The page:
Oil Extractor?

GregC

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I’m looking at a MityVac 7201 to do oil changes without jacking up my cars and was wondering if this would work on my 2015 NC700 DCT. Since the engine and tranny share the oil I wasn’t sure if extracting through the dip stick port would get it all.

Thanks
 

670cc

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I use an 8 quart oil extractor for my boat, tractors, mowers, generator, etc. I haven’t tried it on the NC, but I think it might be difficult to snake the extractor tube from the dipstick port Into the bottom of the sump. Looking at the attached photo of a manual transmission, the oil passage hole from the clutch housing to the sump is, I think, under the shift drum shaft. I don’t know if that‘s a straight shot from the dipstick hole or not.

As for the automatic transmission version, the clutch housing will be more cluttered on a DCT than on a manual, and the dipstick is in a different location.

I guess you could insert a tube in the dipstick/fill hole, and see if it seems to go all the way to the sump bottom.
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MZ5

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A pump seems like a LOT more hassle to me on this bike than just pulling the drain plug. You’d probably need to stand it up straight, or even tilt it a bit to the right side, to _try_ to get the oil to come across to where you can get the extraction pump tubing. I don’t know your situation as to why it’s problematic to open the drain plug, but for me it’d have to be a significant obstacle before I’d try to change oil with a vampire or vacuum pump.
 

GregC

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Oh it’s no problem removing the plug - I’ve changed the oil a number of times. I was just thinking if I got this extractor to use on my cars whether it would work on the DCT.
 
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DirtFlier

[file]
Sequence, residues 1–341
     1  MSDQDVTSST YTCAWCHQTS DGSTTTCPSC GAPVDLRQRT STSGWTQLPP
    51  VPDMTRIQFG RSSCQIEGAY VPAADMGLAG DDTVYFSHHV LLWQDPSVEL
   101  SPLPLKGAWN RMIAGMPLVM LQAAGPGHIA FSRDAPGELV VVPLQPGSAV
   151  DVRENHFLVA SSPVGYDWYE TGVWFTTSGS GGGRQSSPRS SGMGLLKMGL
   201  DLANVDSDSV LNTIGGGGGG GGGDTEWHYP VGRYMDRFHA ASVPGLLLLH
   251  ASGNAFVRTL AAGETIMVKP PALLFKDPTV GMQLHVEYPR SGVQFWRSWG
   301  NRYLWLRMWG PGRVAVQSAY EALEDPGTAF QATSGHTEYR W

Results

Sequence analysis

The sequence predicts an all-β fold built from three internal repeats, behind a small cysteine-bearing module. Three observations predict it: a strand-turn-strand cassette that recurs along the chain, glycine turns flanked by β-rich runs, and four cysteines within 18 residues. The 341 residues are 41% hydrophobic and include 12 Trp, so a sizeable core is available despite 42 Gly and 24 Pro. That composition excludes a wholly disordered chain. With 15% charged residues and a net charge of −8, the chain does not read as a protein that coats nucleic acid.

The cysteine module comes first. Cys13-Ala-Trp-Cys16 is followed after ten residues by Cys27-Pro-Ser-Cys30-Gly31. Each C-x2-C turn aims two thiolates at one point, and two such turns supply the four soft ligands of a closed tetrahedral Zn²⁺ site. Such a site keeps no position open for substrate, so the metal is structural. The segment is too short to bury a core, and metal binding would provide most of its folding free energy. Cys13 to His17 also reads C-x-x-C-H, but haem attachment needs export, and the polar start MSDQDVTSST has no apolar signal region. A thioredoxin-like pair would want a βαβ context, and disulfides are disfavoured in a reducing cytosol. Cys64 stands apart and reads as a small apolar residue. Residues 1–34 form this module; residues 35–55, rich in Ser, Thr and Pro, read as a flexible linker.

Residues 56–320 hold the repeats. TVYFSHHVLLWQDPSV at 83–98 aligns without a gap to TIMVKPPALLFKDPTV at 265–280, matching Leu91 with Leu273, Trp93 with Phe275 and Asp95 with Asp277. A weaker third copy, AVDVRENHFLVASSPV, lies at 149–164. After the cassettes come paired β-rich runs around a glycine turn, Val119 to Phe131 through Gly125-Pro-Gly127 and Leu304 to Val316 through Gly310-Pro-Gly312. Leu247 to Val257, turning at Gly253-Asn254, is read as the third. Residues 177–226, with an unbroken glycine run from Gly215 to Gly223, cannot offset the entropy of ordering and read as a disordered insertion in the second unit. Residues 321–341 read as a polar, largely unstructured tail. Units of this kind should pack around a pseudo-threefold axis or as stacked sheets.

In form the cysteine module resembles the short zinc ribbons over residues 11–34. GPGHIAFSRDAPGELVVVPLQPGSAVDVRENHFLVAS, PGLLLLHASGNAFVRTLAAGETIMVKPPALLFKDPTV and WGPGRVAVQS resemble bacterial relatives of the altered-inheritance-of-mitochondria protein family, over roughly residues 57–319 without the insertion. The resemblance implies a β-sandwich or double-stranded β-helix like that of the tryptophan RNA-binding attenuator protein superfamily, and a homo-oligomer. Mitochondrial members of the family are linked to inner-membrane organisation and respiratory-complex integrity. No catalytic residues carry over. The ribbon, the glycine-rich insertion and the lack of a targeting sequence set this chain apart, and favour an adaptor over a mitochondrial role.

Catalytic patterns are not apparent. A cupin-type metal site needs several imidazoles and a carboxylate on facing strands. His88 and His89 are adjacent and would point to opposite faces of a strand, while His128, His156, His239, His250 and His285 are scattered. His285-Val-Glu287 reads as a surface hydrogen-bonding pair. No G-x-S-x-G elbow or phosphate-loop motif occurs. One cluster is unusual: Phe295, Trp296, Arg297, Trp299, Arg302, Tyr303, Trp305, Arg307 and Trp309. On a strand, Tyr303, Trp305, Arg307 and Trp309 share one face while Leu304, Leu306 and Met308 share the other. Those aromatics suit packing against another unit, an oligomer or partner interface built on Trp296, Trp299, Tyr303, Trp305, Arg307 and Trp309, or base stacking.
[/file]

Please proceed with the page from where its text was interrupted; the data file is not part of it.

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Using a vacuum pump to drain the NC's oil would probably allow lots of crud to remain at the very bottom of the crankcase.
 
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Griff

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Using a vacuum pump to drain the NC's oil would probably allow lots of crud to remain at the very bottom of the crankcase.

Totally agree, and for that reason I would not be inclined to use a pump on any vehicle. Afaik it is not a process that any manufacturer recommends, at least none that I have ever come across.
 

itsmenc700

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Yes the reason to open the drain is to "flush" out oil and anything else in there will flow with the oil.
Using a vacuum will not.

Forget about the bike, your not doing your car/truck any favors by doing that!!

Not even the quick lube guys do this!!
 

670cc

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Using a vacuum pump to drain the NC's oil would probably allow lots of crud to remain at the very bottom of the crankcase.

Totally agree, and for that reason I would not be inclined to use a pump on any vehicle. Afaik it is not a process that any manufacturer recommends, at least none that I have ever come across.

Yes the reason to open the drain is to "flush" out oil and anything else in there will flow with the oil.
Using a vacuum will not.

Forget about the bike, your not doing your car/truck any favors by doing that!!